Steve Reich’s music occupies a special place in the hearts of its devotees. Concerts attract earnest (in some cases obsessive) crowds, but the spirit of inclusivity borne out of the audience’s high expectations and infectious enthusiasm in undeniable.
To mark Reich’s 80th, the Amadinda Percussion ensemble joined forces with the Kelemen Quartet and the UMZE Chamber Ensemble to perform a selection of music by the composer. Also joining on stage were pianists Balog Jozsef and Mali Emese.
Mallet Quartet for two vibraphones and two xylophones received its world premiere in Budapest in 2009, the culmination of a 25 year collaboration between the Amadinda ensemble and Reich himself. It’s a thought-provoking work, taking us on a journey from textbook upbeat joyous Reich, through pensive reflection, onto a celebratory conclusion tinged with a hint of unease. What joy there is at the beginning of the work is tempered by an unshakeable tension at the end.
The most musically satisfying of the composer’s larger ensemble works, City Life also happened to turn out to be the performance highlight of the evening. The Kelemen Quartet accompanied by UMZE Chamber Ensemble played with heart and grit in equal measure, taking us through a range of aural cityscapes, some grim, others terrifying. In the fifth movement – Heartbeats – the distinction between live music and recorded ambience was indecipherable creating what at times appeared like a nightmare vision of urban life.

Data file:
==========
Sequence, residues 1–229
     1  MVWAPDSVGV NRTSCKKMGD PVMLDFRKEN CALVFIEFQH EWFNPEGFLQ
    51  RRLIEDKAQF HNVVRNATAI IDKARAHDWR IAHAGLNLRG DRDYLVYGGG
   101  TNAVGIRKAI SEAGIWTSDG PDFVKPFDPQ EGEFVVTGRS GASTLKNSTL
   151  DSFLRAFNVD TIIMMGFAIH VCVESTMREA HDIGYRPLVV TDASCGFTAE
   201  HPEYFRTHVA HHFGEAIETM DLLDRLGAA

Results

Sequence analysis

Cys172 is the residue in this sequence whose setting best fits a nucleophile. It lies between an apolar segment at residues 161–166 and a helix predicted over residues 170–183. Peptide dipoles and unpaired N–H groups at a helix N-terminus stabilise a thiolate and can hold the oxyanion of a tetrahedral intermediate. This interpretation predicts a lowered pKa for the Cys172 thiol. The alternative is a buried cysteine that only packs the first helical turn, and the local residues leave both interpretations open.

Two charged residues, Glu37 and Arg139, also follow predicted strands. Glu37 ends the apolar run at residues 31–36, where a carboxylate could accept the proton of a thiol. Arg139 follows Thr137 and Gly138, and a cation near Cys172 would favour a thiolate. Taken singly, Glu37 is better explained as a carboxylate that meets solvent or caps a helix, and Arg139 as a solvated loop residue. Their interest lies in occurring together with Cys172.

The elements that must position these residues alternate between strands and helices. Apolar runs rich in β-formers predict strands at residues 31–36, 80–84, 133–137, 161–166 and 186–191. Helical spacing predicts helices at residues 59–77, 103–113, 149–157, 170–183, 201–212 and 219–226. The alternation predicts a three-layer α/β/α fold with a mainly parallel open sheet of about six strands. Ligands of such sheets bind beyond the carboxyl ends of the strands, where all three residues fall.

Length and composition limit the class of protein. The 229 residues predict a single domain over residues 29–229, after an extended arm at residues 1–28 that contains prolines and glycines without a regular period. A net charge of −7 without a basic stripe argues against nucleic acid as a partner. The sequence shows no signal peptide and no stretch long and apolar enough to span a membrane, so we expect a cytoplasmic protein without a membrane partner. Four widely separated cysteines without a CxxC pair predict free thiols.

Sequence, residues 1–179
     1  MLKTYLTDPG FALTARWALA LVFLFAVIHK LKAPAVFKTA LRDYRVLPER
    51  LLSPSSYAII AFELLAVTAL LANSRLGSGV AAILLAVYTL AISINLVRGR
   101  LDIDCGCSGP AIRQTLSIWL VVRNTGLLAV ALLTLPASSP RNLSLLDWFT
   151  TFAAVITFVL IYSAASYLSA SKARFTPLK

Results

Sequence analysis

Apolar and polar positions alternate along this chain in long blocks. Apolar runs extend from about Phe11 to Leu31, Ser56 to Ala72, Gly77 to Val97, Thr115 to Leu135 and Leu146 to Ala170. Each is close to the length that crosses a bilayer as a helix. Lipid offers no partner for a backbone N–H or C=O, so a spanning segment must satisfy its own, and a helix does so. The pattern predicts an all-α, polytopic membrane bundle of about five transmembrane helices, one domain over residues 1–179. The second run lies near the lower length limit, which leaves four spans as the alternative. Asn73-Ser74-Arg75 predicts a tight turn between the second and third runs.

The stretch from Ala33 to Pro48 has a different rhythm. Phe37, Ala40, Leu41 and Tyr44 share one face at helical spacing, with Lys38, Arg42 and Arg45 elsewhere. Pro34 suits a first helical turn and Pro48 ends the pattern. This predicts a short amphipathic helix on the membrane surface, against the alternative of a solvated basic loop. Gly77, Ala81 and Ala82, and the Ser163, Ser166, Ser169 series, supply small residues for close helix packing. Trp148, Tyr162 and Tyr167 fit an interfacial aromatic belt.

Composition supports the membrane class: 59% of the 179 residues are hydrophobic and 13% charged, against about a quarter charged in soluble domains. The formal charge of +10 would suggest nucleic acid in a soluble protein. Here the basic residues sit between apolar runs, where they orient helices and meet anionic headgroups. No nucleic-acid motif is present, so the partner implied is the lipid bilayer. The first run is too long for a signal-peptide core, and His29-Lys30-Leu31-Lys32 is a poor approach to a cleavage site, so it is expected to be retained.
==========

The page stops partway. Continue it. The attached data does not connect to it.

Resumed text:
In some respects hearing Reich’s music in the opulent surroundings of the Lizst Academy in Budapest seemed incongruent with the images he conjures up in his writing. The acoustic, whilst generous, sometimes muddied the rich lines from the percussion instruments. The Quartet – a work for two vibes and two pianos for example, highlighted the acoustic challenge which in turn drew attention to the demands placed on the Ensemble placing chords and ensuring unison lines were uniformly played.
Radio Rewrite – a collaboration between Reich and Radiohead’s Jonny Greenwood – is different in character and, in some ways, musically less satisfying. The phrases Reich uses are longer meaning the driving rhythms we come to expect from his creation are lost in favour of complex seemingly ever-changing time changes. There was as a result a perceptible lack of punch to proceedings made the work feel a little long.